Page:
The public will get a chance to experience jazz and culture at an upcoming public performance of the Northside High School jazz band.
The March 12 Band Camp or Bust Concert at Second Street Live! will give the public an opportunity to see some of Fort Smith's most talented young musicians all while supporting their growth as musicians.
"This concert, Band Camp or Bust, is a free concert but we're accepting donations for scholarships for our students to go to band camp during the summer," said Adam Coats, the jazz band's director.
During a similar performance last year, which will include vocal performances for the first time this year, Coats said the public donated more than $16,500, which funded band camp for about 65 students.
Coats said individual donations varied last year, adding that students were humbled by the large amount of money raised on their behalf.
Without the money, some members of the Northside band would have been unable to afford to attend band camp, which Coats said develops students in a way regular classroom instruction sometimes cannot.
"You meet so many people from not just Arkansas, but also from out of state," he said. "You work with instructors you normally wouldn't have a chance to study under."
Junior Brinnon Rathbun plays guitar in the jazz band and echoed Coats' statement..
"It prepares you so much more than just sitting in a room all day," he said.
Rathbun said the instruction develops musicians in ways one might not expect.
"It helps a whole lot, all of these different teachers from these different places," he said. "I kind of feel like after I come back from (band camp), it gives me more of a leadership role and I feel like more of an ample musician."
Gordan Manley, director of Northside's concert band, said supporting band students' development through attending the concert was vital to a student's overall development as an individual.
"We feel like at Northside that music is an integral component of education as a whole. We're talking about educating the whole human being," Manley said.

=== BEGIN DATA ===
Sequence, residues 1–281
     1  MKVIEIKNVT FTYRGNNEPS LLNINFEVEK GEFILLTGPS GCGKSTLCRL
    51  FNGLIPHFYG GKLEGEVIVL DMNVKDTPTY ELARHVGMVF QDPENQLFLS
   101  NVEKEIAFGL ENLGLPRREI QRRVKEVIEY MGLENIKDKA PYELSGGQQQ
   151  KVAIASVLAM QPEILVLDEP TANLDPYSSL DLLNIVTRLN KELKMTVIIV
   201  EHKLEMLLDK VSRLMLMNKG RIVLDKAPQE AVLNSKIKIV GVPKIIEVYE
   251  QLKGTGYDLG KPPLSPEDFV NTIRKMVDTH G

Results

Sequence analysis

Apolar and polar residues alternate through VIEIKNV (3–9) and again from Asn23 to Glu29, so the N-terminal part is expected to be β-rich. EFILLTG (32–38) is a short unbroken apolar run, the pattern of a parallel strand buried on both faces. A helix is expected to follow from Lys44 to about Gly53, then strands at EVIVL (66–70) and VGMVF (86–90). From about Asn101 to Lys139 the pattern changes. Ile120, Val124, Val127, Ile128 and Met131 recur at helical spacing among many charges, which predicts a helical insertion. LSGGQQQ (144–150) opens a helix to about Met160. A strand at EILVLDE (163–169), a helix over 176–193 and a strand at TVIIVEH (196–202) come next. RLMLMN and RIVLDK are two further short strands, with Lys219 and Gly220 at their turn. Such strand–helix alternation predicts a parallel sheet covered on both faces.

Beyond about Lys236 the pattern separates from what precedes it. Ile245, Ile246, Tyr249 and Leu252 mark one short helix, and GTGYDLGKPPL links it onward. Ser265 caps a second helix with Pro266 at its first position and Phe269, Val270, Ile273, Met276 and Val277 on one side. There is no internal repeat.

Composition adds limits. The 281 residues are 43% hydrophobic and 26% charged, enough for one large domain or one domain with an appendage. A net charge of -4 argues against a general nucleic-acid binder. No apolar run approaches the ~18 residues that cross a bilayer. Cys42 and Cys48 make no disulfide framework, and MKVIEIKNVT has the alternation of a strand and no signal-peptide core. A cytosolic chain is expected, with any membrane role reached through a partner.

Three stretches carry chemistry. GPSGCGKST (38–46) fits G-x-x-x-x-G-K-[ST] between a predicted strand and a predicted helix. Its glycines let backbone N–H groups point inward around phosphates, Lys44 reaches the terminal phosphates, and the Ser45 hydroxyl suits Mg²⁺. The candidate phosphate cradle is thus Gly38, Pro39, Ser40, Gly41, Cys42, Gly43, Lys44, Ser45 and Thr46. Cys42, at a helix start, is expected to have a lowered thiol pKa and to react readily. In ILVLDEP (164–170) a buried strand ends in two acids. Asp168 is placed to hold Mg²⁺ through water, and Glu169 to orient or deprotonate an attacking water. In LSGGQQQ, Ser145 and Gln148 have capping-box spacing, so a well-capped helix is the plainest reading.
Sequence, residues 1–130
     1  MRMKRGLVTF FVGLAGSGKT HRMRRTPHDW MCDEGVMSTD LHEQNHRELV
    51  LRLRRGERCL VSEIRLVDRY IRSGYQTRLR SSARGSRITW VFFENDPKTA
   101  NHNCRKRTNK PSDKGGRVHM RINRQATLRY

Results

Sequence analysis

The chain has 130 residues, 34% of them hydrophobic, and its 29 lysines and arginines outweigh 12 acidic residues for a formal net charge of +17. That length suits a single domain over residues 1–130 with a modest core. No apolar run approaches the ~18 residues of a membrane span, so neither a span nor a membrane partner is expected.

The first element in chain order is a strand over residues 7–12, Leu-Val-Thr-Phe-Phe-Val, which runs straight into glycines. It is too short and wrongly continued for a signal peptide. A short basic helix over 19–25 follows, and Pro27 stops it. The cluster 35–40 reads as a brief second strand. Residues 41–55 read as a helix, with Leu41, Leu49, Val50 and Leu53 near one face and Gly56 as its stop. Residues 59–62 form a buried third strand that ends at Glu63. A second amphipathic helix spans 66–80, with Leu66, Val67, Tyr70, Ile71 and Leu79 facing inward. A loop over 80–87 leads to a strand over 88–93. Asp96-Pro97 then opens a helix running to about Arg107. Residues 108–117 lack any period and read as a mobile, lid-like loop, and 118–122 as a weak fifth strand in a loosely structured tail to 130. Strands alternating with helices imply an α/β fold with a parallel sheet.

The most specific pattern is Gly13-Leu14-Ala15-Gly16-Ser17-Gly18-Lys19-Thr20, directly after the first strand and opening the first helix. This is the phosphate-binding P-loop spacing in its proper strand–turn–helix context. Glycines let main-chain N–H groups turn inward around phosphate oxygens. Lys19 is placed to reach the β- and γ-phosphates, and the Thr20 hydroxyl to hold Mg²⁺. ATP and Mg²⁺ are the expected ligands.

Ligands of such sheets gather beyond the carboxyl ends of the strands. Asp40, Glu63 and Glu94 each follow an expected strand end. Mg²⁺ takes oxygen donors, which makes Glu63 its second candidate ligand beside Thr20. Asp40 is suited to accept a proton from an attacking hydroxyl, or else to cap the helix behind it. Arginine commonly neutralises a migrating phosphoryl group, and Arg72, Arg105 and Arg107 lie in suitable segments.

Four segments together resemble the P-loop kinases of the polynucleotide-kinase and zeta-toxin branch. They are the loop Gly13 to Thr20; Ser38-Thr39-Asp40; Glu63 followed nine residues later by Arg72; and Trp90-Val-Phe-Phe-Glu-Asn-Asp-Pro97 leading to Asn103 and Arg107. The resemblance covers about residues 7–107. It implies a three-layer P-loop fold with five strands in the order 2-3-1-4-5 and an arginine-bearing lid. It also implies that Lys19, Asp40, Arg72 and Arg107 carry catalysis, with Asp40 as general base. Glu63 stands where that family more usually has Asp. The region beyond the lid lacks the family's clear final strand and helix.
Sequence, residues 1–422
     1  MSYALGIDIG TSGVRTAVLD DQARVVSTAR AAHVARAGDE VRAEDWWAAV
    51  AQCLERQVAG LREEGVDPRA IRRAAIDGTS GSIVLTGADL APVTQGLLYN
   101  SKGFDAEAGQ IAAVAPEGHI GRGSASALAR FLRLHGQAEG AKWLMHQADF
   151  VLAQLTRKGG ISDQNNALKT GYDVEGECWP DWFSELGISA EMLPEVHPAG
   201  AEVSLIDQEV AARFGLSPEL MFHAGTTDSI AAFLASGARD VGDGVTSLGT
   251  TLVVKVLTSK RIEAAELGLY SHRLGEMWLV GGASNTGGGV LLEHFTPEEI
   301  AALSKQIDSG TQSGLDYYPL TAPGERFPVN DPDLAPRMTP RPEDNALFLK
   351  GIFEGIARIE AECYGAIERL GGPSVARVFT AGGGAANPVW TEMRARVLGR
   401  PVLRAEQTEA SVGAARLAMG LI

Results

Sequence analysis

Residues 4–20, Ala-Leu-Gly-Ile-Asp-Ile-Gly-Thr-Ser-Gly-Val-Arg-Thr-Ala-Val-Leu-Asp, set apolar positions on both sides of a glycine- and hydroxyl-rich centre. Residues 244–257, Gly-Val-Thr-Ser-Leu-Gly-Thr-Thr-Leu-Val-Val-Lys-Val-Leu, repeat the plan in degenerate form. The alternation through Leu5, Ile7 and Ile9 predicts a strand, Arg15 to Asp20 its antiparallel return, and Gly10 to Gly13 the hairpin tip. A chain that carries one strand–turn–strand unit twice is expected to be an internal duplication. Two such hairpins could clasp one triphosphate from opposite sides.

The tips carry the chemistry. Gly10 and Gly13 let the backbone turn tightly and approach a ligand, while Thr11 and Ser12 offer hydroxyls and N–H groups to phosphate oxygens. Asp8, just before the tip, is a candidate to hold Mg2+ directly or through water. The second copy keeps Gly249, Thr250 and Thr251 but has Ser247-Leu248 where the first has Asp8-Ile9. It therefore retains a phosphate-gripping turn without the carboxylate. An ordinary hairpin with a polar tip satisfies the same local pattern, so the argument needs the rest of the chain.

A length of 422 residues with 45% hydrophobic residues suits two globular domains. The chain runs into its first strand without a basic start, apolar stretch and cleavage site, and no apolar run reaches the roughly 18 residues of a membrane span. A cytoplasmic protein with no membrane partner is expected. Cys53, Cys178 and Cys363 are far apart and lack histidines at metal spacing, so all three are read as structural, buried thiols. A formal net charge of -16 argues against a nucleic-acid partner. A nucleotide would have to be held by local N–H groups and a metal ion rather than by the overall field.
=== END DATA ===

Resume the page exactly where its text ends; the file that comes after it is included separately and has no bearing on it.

Coats said money raised through the performance would be made available through a scholarship to the more than 200 members of the Northside concert band on a first come, first serve basis.
He said the total cost for sending a student to band camp was around $300. The cost includes room and board in addition to paying for instructors to teach during the camp.
By having scholarships available, Coats said students who may not otherwise be able to afford to go to a band camp are afforded the unique opportunity.
"Without these scholarships, many of these kids wouldn't be able to be involved in a band camp," he said.
Rathbun said he knew fellow band members depended on funding raised through this concert, along with other events through the year, to attend band camp.
"I think they're really thankful and appreciative," he said.
Coats added that conducting a concert and fundraising through the community was a way for students to work for their scholarship.
"Many students would rather work to earn the money instead of just being given money. This is one way of doing it."
Band Camp or Bust will start at 7 p.m., on March 12. Coats advises attendees to show up early.
"We filled Second Street Live, I think, to capacity (last year). There were people standing in the back. I would say around 250 people came out for that."
Second Street Live! is located at 101 N. Second St., in Fort Smith.